I am not trying to devalue the use of data here, I do think it is very useful, especially when setting targets, I just think we need to be careful sometimes how it is used.

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#8 Dan Moorhouse

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Posted 07 July 2005 - 06:13 AM

The problem with much of the data we are give (eg YELLIS) is that it takes little account of prior achievement and dfferent circumstances for each child, therefore when a child does not reach their target due to outside influences we get our wrist slapped and told to do better.

I am not trying to devalue the use of data here, I do think it is very useful, especially when setting targets, I just think we need to be careful sometimes how it is used.


The Fischer Family Trust data is based on prior attainment, local trends and socio-economic features of your catchment area. They send out loads of materials which certainly include year group analysis on a subject by subject basis and also on a pupil by pupil basis. I've found it to be a pretty good indicator of potential and it can be useful to show pupils who have teacher assessment levels that are much lower than they suggest.

#9 MrsB


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Posted 07 July 2005 - 09:15 AM

but how do you turn this into somethinng useful for setting targets and monitoring achievement in history?
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#10 Dan Moorhouse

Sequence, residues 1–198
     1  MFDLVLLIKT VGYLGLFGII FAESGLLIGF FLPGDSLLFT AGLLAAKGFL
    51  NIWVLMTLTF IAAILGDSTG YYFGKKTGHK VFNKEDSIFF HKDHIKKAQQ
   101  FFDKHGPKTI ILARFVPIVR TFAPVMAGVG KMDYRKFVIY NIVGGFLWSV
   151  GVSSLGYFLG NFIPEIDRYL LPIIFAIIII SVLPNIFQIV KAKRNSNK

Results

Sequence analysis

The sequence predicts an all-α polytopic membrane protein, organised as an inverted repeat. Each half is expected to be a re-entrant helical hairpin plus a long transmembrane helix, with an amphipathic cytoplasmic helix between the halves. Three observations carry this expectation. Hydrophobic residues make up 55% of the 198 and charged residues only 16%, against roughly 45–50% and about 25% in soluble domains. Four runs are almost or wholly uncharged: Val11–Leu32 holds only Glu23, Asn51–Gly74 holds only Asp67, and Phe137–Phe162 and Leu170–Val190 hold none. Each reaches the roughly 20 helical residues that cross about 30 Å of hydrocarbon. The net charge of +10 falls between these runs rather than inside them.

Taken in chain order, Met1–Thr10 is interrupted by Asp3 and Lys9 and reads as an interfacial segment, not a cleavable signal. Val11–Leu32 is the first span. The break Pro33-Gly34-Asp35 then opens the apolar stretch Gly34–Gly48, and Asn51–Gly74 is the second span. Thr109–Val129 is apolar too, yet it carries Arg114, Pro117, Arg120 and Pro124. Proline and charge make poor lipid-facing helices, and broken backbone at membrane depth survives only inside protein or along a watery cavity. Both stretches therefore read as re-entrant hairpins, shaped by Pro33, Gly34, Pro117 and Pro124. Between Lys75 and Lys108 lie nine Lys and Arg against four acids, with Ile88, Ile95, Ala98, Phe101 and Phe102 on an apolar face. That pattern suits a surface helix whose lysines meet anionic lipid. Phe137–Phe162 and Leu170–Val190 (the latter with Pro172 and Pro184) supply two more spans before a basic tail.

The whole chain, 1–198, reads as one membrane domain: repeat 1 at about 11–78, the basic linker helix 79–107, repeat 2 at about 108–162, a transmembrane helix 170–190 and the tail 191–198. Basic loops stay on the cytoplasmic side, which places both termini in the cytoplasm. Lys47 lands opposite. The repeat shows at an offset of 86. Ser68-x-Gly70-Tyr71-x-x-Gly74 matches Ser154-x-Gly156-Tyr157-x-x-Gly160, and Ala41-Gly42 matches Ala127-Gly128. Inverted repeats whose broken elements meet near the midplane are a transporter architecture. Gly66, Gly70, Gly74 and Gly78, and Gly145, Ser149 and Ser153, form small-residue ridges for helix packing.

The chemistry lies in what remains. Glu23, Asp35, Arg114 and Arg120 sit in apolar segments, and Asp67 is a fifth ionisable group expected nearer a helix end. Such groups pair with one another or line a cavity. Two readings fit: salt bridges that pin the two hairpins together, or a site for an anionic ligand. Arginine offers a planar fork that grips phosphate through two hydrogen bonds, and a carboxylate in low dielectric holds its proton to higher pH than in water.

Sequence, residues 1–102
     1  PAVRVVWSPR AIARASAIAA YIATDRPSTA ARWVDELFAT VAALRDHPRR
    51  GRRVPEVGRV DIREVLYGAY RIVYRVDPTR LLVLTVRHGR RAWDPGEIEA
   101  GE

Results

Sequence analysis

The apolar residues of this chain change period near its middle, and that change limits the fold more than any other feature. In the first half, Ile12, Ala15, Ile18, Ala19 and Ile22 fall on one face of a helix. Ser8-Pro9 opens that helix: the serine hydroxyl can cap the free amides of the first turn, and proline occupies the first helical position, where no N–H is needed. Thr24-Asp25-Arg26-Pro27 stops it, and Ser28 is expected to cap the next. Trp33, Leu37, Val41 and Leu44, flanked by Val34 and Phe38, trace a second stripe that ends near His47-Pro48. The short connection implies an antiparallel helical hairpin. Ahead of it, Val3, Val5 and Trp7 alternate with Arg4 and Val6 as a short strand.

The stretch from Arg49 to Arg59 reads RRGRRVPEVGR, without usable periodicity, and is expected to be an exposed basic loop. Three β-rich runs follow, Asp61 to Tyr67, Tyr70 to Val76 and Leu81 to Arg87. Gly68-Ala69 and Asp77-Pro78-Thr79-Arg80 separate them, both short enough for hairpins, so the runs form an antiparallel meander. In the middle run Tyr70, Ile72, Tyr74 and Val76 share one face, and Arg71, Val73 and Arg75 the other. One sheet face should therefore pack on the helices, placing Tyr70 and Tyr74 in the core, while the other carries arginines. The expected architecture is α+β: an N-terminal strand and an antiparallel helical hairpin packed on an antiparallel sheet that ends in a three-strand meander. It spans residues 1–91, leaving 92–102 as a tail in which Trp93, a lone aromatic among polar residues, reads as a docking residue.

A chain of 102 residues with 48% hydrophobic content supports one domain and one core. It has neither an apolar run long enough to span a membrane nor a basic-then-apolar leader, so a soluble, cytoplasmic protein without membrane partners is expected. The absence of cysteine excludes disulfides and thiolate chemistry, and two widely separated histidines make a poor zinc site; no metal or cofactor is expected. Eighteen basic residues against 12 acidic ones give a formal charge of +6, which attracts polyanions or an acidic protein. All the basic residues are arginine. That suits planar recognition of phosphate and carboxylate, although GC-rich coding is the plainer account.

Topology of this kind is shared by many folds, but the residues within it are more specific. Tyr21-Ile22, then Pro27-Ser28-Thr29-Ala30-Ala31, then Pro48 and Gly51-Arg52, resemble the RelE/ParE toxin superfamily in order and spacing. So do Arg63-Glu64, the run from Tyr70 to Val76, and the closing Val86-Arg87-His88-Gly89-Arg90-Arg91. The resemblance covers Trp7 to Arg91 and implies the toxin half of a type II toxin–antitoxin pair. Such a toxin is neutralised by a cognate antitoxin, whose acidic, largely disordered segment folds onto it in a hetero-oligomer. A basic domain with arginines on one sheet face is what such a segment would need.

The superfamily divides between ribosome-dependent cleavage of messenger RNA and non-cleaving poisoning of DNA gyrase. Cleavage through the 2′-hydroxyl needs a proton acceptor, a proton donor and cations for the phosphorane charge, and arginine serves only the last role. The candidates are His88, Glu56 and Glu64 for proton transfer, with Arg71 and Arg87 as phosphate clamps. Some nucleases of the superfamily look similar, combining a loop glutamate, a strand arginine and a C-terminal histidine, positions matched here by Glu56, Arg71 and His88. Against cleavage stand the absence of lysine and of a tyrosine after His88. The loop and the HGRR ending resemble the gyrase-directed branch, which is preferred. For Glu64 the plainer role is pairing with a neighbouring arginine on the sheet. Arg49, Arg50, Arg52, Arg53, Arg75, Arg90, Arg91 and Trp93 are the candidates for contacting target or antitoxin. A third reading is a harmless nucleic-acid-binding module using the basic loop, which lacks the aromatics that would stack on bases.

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Posted 07 July 2005 - 09:54 PM

It does most of it for you.

Its graphical, adaptable (in Excel) and the chances of getting x,y or z are made abundantly clear. Show it to kids, talk em through it and say 'where would you like to be?' Its very very easy to understand the FFT data if your SLT pases it on in user friendly formats - ours don't s I grab the disks and get the stuff I really want.

Monitoring - simple. They've done the maths and compared your school to similar ones over the years. Average pupils should therefore et what FFT says.... anything different stands out a mile when you add to your asessment data. Auto filtering in Excel will highlight the kids that are under achiveing and can be used to highlight exceptional achivement, sub groups, gender etc....

I normally merge their targets into my own TA based data and use it to give a broader overview of where they're at.

#11 Stevie G

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Posted 24 March 2006 - 01:48 AM

Folks, just read this seminar and have to say a lot of it went whizzing straight over my head. Someone mentioned drowning in data - I was drowning in jargon and acronyms. YELLIS, SATS, SMART, ROAs, CATs, ALPs, ALIS.......the list goes on

I'm sure these terms are second nature for the vast majority of people who use this forum but for those of us not currently in the profession.......... Please help! :unsure:

P.S Meant to post this as a reply to the seminar on "Using data" but just realised I posted it as a new topic instead. Aplologies.


I have merged your post with the Using Data Seminar - as you had intended.

Carole Faithorn

Edited by Carole Faithorn, 24 March 2006 - 11:16 PM.

#12 Dan Moorhouse

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Posted 24 March 2006 - 12:18 PM

YELLIS - Year 11 information system - provides indicators of progress and attainment based on tests run by Durham University. They also run one for younger pupils - Midyis (Middle years ) ALIS is another for older pupils.

SATS - (Also called NATS by some). Attainment tests...

S Specific
M Measurable
A Attainable
R Realistic
T Time-constrained

ROAs - Record of Achievement (being replaced by progress files)

CATS - cognitive ability tests